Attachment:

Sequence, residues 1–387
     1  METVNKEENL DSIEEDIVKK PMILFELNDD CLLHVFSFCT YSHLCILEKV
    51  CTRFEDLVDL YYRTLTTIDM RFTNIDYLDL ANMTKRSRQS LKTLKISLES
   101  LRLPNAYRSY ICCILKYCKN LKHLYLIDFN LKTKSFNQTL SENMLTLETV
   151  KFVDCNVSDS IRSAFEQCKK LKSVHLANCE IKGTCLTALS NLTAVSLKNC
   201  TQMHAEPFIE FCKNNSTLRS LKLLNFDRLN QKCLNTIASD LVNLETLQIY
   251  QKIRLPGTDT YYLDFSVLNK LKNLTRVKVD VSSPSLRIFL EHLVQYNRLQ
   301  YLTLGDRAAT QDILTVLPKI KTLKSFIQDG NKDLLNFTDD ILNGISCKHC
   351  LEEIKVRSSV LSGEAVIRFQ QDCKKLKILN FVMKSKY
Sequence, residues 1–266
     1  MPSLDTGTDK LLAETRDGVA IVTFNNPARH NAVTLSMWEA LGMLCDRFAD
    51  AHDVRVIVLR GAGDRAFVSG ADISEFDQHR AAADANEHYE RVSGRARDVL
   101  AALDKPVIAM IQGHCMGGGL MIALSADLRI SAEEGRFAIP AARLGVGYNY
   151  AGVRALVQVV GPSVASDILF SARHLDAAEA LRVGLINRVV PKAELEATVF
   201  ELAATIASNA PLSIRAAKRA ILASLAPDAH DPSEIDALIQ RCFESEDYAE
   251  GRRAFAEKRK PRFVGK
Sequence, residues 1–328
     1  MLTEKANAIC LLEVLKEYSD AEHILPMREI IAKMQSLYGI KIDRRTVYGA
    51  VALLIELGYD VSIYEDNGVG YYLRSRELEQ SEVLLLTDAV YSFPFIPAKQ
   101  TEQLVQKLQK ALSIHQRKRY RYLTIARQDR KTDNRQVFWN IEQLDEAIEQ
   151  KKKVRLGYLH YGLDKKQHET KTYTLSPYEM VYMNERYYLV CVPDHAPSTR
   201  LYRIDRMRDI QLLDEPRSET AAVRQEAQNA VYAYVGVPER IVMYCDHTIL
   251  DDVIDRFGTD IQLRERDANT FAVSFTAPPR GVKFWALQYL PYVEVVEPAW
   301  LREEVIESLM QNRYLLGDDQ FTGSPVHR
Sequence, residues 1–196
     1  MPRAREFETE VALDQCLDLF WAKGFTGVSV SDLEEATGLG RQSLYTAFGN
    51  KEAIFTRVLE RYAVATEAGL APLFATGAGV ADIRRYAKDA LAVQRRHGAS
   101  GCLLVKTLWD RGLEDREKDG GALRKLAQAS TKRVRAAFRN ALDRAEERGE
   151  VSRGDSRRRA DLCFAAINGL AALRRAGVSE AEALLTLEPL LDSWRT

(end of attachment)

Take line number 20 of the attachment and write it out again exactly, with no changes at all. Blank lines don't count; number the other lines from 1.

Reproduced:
   101  TEQLVQKLQK ALSIHQRKRY RYLTIARQDR KTDNRQVFWN IEQLDEAIEQ